10 Biting Lessons We Learned from 'Sharknado 2: The Second One'

From the dangers of climate change to the edibility of D-list celebrities, 'The Second One' informed as well as entertained

Ian Ziering Fin Shepard Sharknado 2: The Second One
Syfy
Ian Ziering as Fin Shepard in 'Sharknado 2: The Second One'
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It's the bad-movie franchise that Twitter built. When Sharknado – the saga of a man, his chainsaw and a bunch of poorly CGI'd sharks flying through the air in L.A. – aired on Syfy last year, it became a surprise social-network sensation, racking up enough mentions to compete with the likes of Game of Thrones. Suddenly the Asylum, the production house known for direct-to-video knockoffs like Transmorphers and Syfy schlock like Mega Shark vs. Giant Octopus, had a hit on its hands. The sequel, which debuted tonight, had an expensive NYC setting, a galaxy of celebrity cameos, and seemingly the full weight of NBC/Universal's promotional muscle behind it. And like the original, it was…a learning experience. Here are the 10 lessons we're taking away:

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1. You don't need to have seen Sharknado to follow the story of Sharknado 2.
I know — it was my biggest concern, too! It had been a while since I'd watched the original film, in which Ian Ziering and Tara Reid played an estranged couple – he's a surfer, she's, I dunno, a doctor or something — who reunited in a Los Angeles inundated with tornadoes carrying sharks, which they defeated by bombing the tornadoes, as one does. Would I remember enough of its complex narrative to understand Sharknado 2's expansion of the Sharknado mythos? Fortunately, the opening scenes catch you up: They're trying to get back together, they're reeling from the effects of post-sharknado fame, they're hawking a book called How to Survive a Sharknado, they're visiting family in New York played by b-movie starlet Kari Wuhrer and Sugar Ray doofus Mark McGrath, they're very good at detecting and combating freak storms with sharks in them. Got it!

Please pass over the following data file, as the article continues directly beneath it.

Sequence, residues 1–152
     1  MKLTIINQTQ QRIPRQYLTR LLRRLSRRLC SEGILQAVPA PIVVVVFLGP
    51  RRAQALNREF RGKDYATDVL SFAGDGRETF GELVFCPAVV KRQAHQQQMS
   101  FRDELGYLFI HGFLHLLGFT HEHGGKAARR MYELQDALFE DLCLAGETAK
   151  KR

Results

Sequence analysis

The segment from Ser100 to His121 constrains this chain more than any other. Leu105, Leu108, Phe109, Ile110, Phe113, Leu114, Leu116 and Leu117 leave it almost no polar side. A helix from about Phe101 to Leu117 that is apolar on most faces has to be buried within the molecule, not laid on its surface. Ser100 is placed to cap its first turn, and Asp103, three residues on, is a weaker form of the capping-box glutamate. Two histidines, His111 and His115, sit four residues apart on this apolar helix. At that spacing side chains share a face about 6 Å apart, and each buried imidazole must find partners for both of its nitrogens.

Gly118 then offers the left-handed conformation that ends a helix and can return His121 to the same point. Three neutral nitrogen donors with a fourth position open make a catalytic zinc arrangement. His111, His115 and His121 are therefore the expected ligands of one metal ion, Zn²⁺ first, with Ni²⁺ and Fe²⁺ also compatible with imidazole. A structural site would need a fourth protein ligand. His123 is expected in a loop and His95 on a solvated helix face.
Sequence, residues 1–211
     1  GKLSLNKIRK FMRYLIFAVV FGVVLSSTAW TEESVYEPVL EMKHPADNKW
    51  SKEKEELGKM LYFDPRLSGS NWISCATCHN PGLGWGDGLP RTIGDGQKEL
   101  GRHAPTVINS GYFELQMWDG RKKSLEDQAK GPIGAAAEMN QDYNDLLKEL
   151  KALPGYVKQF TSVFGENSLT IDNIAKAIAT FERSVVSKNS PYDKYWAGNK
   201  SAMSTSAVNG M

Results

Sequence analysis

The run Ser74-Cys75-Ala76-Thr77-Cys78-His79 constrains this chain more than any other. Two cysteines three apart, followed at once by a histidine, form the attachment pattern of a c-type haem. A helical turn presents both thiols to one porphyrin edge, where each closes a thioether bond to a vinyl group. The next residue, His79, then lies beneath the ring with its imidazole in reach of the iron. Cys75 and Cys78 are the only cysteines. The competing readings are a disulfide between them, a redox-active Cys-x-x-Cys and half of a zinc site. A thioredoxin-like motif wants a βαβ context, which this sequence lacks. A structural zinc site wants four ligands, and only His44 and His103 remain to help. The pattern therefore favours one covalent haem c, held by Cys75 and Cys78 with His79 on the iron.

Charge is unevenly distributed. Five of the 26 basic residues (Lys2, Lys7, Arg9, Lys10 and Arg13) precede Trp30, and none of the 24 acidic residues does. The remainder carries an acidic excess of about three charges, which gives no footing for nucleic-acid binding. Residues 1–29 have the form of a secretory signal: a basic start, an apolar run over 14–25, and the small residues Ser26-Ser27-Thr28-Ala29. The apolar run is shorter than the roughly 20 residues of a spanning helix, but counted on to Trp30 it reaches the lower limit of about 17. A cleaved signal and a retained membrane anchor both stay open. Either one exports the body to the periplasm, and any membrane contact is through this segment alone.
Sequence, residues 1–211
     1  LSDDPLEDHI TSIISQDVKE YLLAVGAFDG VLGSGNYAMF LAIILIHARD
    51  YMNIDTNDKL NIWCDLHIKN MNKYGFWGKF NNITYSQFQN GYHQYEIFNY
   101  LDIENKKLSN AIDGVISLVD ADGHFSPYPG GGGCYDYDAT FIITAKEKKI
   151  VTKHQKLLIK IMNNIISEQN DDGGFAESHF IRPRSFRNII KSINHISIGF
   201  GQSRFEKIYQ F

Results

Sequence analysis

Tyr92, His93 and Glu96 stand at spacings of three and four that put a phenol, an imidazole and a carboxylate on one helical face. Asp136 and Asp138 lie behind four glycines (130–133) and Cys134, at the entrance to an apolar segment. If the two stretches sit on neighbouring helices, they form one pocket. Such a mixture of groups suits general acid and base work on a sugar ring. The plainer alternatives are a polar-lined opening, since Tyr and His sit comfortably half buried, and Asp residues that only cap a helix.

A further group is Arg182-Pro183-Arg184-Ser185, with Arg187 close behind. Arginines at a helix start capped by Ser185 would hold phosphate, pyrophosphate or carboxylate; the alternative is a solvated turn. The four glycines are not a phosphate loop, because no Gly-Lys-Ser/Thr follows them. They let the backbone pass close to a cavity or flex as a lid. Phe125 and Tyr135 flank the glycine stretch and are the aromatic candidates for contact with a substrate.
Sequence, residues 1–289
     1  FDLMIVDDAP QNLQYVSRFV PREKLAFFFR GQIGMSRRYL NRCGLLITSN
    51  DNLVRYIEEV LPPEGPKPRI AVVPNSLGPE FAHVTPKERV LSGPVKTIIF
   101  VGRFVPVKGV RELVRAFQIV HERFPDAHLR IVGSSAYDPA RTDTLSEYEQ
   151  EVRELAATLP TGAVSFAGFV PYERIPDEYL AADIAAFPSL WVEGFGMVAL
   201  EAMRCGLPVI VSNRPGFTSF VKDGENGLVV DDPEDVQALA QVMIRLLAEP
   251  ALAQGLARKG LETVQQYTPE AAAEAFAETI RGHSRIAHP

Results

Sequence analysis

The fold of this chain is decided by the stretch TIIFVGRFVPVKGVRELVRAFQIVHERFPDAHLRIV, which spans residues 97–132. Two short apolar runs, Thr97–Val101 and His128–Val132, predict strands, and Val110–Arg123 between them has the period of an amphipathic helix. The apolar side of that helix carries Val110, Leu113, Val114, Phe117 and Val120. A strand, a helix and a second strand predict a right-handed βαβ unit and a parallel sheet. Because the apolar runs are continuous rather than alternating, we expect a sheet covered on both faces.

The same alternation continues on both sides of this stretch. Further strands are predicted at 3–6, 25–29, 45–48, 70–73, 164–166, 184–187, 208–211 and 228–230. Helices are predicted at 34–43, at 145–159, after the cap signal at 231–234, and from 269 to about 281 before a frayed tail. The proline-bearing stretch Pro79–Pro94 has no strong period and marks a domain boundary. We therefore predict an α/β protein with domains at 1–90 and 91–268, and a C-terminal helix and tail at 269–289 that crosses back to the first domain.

2. When touching down in New York City, sharknadoes and Midwestern tourists have the same itinerary.
From the excitement of a Mets game at Citi Field to the living history of the Statue of Liberty. From the hustle and bustle of Times Square to the comfort and luxury of a hotel with convenient access to Times Square. From the studio of The Today Show to the studio of Live with Regis and Kelly. Yes, Sharknado 2 really made the most of that on-location New York City shoot, showing off all the local character you can find within convenient walking distance of the 7 train.

3. Climate change is real, and sharknadoes are the proof.
Along with rich character work and intricate worldbuilding, scathing political commentary on the perils of anthropogenic climate change is a constant in both of the Sharknado films. In this installment, we see New York City at the center of wild weather patterns – tropical storms moving in from one direction, unseasonal summer blizzards from the other. In addition to creating optimal conditions for a sharknado, these unstable climatic conditions recall the snowstorm that followed Hurricane Sandy in 2012, further devastating the New York metropolitan area. Or maybe it's just a crass and thoughtless way for the movie to explain why half the time there's an outdoor scene, there's snow on the sidewalks and you can see the actors' breath even though it takes place in July. Either way!

4. Watching sharks attack annoying celebrities isn't as much fun as you'd think.